5. Expand your market: Globalization, technological advancements and changing consumer trends have provided new opportunities for increasing and diversifying your customer base. That is why we have been offering the Trade Accelerator Program and advocating for the elimination of interprovincial trade barriers. Thinking outside your traditional markets is a great way to grow your business and is the way of the future.
  6. Build capacity: Many small and medium-sized business owners and managers must be all things to all people. They simply do not have the level of expertise on their staff teams they may need to scale up or they may be losing the opportunity to do it more quickly. The engagement of expertise in the form of consultants or fractional executives is a way for SMEs to reap the benefits without the full cost of expertise in key business areas such as finance, human resources, digitization, marketing and IT. The Board of Trade is happy to recommend many of our members who can assist. And we use them too!
  7. Stay connected: In a time when we cannot be together naturally, it is more important than ever to stay connected. It remains a top strategy for personal and professional development, staying informed and realizing new opportunities. We offer several virtual events and programs that will keep you connected with our local contacts and stakeholders. And the new opportunity is to participate in virtual events from around the globe to expand your network. The only cautionary note is that video fatigue is real. So look for ways to make the most of online time and for unique ways to connect with others.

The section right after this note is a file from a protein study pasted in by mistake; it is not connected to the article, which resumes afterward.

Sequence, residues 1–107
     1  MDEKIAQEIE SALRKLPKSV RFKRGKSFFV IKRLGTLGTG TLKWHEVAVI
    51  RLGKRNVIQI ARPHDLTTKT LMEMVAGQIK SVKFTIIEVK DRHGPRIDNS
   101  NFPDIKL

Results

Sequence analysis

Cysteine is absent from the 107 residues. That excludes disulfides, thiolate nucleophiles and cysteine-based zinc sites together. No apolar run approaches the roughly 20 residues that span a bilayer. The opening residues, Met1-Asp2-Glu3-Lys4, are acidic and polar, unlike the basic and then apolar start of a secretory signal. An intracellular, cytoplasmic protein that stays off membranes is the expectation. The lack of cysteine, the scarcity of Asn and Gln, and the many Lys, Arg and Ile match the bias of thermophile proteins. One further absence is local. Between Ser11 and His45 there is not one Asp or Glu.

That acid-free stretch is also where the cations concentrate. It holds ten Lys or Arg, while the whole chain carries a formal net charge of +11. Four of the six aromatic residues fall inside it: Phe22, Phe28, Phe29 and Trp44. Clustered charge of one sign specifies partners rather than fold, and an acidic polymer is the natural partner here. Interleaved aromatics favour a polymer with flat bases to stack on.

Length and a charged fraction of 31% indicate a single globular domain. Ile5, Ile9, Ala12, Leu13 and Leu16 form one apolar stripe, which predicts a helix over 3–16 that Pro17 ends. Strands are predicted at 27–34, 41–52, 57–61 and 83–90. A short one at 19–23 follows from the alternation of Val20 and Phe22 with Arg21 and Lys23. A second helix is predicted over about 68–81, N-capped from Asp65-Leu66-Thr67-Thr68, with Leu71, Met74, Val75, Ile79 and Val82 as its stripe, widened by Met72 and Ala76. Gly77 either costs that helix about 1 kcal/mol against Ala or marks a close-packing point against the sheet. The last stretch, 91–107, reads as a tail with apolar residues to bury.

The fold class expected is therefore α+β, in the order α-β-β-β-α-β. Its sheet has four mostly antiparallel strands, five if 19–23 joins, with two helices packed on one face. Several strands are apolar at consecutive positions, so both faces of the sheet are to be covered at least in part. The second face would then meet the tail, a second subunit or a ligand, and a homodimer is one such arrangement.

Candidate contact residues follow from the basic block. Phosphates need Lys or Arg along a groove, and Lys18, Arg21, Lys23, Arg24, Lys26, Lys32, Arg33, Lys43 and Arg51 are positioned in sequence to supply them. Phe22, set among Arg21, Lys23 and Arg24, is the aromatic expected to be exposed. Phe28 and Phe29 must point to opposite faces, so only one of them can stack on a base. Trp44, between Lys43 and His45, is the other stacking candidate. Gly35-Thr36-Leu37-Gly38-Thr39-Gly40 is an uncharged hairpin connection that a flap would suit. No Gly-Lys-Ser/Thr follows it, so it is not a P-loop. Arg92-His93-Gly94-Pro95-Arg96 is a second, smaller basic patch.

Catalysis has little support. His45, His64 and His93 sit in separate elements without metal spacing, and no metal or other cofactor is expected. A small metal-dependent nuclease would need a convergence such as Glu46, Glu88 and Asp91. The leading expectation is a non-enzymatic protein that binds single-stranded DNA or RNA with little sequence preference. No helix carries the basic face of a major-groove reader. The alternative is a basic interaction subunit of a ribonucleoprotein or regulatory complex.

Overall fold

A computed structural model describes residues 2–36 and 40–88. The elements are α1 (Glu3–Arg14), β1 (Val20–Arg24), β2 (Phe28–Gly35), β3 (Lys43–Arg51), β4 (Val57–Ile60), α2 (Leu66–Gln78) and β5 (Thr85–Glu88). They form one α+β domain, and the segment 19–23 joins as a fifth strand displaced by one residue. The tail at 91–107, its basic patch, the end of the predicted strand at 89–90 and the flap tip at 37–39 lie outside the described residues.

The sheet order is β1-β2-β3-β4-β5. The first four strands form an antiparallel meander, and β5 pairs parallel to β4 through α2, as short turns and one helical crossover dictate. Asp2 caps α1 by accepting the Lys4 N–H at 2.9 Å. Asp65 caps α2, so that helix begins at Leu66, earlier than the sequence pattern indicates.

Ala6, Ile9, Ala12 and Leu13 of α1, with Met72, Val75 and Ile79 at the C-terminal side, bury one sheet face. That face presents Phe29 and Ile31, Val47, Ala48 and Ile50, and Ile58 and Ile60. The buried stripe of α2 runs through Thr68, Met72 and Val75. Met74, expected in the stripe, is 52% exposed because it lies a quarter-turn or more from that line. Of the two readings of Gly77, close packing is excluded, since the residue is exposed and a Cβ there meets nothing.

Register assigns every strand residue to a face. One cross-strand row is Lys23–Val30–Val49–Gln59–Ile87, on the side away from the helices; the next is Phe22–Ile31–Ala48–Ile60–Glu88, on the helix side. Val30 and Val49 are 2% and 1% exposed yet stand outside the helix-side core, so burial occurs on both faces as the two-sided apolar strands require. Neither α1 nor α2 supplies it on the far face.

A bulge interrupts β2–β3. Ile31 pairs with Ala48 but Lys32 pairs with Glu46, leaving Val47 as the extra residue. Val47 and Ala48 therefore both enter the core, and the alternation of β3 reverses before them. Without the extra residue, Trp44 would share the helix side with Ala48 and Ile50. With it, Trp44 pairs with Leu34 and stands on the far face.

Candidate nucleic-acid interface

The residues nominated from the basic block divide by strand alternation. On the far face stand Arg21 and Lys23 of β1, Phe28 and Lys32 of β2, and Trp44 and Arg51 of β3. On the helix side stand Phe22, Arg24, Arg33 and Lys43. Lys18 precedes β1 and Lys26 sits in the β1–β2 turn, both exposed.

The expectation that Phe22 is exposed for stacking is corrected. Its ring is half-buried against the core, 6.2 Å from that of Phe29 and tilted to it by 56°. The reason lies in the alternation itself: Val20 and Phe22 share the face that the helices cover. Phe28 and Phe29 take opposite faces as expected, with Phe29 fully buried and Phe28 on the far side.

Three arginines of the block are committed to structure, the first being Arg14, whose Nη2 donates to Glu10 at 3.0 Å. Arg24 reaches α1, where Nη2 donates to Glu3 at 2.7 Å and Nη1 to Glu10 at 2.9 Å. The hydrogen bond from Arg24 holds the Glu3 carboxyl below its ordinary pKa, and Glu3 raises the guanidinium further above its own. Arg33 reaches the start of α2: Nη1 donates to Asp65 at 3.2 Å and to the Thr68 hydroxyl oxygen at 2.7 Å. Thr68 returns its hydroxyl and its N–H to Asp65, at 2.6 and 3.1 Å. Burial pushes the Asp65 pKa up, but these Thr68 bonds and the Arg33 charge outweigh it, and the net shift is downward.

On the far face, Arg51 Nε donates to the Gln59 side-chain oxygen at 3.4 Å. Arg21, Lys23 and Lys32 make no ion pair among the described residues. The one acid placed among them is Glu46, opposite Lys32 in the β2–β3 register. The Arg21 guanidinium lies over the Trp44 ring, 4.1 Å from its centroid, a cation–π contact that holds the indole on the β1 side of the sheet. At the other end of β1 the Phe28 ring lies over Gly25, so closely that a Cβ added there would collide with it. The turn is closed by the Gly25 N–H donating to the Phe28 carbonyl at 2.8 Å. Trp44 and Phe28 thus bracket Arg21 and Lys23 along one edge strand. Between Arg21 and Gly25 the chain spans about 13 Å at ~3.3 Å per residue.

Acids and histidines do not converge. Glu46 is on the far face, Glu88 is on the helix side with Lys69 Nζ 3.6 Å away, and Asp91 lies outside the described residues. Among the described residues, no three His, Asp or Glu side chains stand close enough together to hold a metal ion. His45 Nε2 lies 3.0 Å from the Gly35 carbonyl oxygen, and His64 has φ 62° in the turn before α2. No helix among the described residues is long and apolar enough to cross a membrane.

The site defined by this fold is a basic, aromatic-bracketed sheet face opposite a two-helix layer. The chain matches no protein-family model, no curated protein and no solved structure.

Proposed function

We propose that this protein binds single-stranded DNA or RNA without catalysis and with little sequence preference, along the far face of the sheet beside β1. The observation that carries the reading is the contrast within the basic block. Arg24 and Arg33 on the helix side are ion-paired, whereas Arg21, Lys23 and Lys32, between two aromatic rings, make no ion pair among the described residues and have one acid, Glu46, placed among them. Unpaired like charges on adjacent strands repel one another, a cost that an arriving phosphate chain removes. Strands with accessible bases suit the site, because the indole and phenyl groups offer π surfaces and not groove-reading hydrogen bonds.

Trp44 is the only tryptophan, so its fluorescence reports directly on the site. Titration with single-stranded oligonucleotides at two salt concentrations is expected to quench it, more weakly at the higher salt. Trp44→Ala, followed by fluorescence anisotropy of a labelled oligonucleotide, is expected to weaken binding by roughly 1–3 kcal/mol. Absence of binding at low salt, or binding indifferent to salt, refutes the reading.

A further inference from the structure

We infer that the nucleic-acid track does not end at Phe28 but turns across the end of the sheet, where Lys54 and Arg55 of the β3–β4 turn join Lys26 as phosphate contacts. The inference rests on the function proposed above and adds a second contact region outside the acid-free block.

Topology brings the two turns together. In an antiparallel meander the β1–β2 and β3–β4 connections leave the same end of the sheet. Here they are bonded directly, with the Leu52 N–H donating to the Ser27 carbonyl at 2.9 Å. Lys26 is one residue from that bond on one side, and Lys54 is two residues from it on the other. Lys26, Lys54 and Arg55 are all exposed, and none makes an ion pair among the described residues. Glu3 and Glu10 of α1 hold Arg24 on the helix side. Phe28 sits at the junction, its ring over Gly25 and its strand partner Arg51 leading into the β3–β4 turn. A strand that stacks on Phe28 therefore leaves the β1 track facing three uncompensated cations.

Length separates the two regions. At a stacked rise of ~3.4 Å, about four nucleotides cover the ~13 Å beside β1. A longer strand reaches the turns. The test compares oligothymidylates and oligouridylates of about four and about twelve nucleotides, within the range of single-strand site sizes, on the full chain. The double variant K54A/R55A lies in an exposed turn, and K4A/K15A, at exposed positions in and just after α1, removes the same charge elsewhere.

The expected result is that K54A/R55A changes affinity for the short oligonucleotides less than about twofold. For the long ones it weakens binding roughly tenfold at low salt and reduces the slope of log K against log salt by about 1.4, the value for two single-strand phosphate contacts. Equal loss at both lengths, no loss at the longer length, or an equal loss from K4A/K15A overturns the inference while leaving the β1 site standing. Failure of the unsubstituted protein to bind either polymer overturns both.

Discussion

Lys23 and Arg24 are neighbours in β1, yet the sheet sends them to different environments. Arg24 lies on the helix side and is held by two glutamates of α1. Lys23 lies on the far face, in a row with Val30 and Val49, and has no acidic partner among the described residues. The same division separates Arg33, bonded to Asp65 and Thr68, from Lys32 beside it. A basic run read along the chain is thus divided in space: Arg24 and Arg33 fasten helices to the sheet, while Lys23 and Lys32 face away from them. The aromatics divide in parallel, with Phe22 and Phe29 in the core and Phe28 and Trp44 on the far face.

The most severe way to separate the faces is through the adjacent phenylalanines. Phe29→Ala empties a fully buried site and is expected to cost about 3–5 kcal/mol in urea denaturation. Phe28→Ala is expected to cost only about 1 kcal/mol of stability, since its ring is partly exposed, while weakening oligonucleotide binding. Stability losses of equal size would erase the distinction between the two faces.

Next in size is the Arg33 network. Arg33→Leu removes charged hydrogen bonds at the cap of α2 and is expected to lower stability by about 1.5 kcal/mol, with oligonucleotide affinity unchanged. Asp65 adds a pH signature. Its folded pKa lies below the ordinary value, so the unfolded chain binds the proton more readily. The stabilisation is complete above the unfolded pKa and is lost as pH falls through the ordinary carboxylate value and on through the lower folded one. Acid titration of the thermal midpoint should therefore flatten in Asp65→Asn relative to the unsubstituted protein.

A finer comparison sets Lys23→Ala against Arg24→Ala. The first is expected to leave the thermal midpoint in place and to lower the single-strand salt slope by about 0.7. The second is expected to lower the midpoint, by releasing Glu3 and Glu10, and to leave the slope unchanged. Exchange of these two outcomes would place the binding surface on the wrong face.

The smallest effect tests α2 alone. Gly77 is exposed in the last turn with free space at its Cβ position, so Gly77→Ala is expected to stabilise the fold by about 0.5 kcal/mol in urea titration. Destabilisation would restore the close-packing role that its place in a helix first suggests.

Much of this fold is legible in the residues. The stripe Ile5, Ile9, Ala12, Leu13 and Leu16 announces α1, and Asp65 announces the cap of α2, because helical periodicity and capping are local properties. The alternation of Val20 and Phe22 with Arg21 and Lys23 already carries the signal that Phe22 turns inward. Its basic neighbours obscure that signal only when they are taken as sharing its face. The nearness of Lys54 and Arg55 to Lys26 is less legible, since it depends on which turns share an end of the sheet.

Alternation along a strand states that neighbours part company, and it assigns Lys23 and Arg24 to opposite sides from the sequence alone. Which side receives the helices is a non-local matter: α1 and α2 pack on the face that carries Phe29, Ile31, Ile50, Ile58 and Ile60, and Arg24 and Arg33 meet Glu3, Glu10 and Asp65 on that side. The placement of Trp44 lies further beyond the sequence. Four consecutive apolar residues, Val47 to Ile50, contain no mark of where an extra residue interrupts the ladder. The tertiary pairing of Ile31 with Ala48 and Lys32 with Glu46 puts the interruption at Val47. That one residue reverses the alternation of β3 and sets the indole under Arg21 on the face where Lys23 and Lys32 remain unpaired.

8. Give back: The most important lesson we have learned this last year is that we are all connected. Our community is intertwined and we witnessed many businesses finding philanthropic ways to support the community that supports them. This is also a great way to build your brand, increase exposure, and support the well-being and positive mindset of your team.
  9. Be bold: There is less risk in trying and failing than to never try at all. Creating a culture of promoting failure as learning is a catalyst for creative thinking and fostering the entrepreneurial spirit within your team. That is where you will find the next big thing for your business.
  10. Prioritize your health: Just as we need to build capacity and resilience in our businesses, even more importantly we need to demonstrate and encourage self-care. Executives, entrepreneurs and employees alike can be more effective with a strong commitment to maintaining their emotional, physical and mental health.

The Ottawa Board of Trade is committed to the success of our local businesses and corporations through advocacy, economic development and offering business resources and promotional opportunities. Join us today!

Sueling Ching is the president and CEO of the Ottawa Board of Trade. In this role, she leads a member-driven organization to advocate on behalf of Ottawa-based businesses for a competitive business climate. Her personal and professional priorities are centered around community development, economic growth and equality.